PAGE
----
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    Intravitreal brimonidine holds promise for slowing GA growth

     

    Outcomes

    The primary endpoint was the change from baseline in size of GA lesion area at month 12.  Compared with the control group, GA progression rate was reduced 18.8% and 27.5% in the low-dose and high-dose Brimo DDS groups, respectively, at month 12.

    Although the study was not powered to detect statistically significant differences, analyses of additional time points showed that the rate of GA lesion growth was significantly lowered in both Brimo DDS groups compared with the control arm at month 3.

    “A post-hoc sensitivity analysis of the square root of GA lesion area using observed data (i.e., without imputation) was also performed,” reported Dr. Freeman. “This analysis confirmed that mean GA area growth was consistently lower in both Brimo DDS treatment groups throughout the follow-up.”

    The difference compared with sham in both Brimo DDS treatment groups increased over time, and approached statistical significance at month 24 for the comparison between the brimonidine high-dose group and sham controls (P<0.059).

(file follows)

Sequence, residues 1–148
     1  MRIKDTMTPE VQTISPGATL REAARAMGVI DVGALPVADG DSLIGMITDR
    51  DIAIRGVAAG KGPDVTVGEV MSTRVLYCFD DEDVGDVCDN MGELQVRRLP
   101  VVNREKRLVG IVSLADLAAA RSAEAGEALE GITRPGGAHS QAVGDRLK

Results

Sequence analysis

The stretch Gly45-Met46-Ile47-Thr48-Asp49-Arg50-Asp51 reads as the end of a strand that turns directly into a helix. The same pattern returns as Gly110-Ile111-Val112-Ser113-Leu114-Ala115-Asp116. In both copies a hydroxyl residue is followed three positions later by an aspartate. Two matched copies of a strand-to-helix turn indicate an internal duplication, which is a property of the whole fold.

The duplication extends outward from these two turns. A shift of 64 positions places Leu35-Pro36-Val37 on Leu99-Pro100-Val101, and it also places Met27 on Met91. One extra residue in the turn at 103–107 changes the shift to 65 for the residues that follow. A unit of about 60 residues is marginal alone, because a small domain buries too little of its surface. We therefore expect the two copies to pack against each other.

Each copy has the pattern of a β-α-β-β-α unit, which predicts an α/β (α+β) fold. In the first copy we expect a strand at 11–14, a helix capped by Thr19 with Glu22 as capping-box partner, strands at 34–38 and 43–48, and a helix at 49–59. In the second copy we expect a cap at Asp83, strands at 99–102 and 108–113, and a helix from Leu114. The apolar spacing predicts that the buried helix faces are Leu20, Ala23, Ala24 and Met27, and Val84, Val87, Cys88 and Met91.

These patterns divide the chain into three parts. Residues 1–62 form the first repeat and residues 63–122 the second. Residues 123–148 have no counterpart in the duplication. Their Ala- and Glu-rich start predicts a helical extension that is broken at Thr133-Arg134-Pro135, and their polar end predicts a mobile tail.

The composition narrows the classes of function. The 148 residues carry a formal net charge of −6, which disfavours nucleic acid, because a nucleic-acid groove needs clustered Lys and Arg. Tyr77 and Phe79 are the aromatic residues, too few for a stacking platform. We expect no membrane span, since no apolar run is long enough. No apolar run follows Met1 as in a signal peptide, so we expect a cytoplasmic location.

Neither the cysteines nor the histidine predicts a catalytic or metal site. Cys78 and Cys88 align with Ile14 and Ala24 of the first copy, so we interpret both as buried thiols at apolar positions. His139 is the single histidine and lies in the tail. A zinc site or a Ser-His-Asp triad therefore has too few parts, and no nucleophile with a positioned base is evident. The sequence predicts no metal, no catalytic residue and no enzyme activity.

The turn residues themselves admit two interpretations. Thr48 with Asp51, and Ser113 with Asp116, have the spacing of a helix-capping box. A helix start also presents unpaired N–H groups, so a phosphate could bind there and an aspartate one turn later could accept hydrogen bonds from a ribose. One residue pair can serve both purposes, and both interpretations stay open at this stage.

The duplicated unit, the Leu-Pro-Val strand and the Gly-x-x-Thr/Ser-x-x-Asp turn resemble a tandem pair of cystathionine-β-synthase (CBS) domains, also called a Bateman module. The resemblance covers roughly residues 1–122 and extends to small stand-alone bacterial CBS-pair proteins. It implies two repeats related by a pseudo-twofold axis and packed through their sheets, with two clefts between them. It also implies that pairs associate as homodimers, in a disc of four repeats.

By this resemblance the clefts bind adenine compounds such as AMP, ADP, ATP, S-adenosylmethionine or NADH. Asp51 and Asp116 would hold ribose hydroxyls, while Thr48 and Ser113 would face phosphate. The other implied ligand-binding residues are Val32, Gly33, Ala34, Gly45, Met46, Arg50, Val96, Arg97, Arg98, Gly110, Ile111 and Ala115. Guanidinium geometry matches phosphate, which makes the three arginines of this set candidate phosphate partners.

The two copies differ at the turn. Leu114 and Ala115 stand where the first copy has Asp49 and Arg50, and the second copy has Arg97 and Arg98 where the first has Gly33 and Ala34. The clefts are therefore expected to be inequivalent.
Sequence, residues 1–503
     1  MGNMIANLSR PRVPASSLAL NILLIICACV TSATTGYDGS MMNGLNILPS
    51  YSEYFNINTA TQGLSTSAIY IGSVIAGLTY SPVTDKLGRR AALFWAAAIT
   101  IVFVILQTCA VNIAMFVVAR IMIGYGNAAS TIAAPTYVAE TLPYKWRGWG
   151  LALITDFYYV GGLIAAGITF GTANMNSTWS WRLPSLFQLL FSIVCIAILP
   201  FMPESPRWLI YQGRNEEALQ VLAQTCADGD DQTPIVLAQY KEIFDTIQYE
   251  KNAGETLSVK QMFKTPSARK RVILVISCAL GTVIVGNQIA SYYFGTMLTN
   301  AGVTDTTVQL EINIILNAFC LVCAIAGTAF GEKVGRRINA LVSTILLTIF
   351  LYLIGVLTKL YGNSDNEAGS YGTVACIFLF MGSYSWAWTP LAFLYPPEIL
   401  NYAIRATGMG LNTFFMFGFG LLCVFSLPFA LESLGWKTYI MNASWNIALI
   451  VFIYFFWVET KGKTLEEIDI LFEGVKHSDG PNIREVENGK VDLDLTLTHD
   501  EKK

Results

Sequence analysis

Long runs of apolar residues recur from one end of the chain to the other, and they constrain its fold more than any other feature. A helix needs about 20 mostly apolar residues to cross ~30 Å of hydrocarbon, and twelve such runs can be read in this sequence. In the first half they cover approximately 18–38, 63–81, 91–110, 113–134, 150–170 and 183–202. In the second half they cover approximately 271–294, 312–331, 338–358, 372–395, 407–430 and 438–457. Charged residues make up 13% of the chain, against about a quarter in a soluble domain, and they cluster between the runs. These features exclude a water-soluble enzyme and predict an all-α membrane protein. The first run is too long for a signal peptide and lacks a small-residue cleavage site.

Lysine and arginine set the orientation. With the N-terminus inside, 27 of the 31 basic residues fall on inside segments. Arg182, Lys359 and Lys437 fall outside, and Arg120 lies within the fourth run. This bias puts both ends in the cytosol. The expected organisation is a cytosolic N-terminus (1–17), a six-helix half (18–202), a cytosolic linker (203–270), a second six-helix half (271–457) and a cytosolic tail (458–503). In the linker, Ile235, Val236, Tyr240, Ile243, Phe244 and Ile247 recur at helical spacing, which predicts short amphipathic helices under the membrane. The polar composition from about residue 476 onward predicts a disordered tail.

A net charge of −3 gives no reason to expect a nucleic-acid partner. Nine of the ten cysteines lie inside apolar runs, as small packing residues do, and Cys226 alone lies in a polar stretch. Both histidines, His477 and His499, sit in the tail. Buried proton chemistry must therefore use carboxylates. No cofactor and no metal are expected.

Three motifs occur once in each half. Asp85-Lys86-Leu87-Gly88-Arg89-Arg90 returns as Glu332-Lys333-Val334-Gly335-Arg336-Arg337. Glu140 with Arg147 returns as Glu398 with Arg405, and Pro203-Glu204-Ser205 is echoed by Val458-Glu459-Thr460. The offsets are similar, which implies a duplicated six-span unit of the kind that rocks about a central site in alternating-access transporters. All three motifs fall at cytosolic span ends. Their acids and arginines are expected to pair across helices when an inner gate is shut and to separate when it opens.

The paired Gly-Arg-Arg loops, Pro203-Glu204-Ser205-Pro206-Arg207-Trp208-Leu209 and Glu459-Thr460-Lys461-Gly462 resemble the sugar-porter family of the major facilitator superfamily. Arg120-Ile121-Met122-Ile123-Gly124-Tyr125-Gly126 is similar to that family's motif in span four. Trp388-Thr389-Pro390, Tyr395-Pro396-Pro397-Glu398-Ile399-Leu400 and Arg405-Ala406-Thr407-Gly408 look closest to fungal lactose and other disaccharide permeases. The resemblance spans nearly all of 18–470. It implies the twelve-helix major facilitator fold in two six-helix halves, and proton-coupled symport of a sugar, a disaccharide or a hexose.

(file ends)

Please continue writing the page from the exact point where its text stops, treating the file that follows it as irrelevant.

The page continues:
The only adverse events reported in the study were events attributed to the intravitreal injection. They included conjunctival hemorrhage, conjunctival redness, and floaters. Intraocular pressure was not changed, which was expected because brimonidine is eliminated through the retina rather than through the front of the eye, Dr. Freeman said.

    Next steps

    Known as BEACON, the ongoing study of intravitreal brimonidine as a cyto/neuroprotective agent for GA is investigating generation 2 Brimo DDS 400 mcg (formulated as the free base rather than the tartrate form). The biodegradable implant is delivered with a 25-gauge needle and dissolves more quickly, improving retinal exposure to the therapeutic agent. Patients are being treated every 3 months with Brimo DDS 400 mcg or sham, and the primary endpoint is at month 24.

     

    William R. Freeman, MD

    E: [email protected]

    This article is based on a presentation given by Dr. Freeman at the Retina Subspecialty Day meeting, held prior to the 2016 American Academy of Ophthalmology meeting. Dr. Freeman is a consultant to Allergan, Genentech, Alcon Laboratories, Spinnaker Biosciences, and Nanovision Group.

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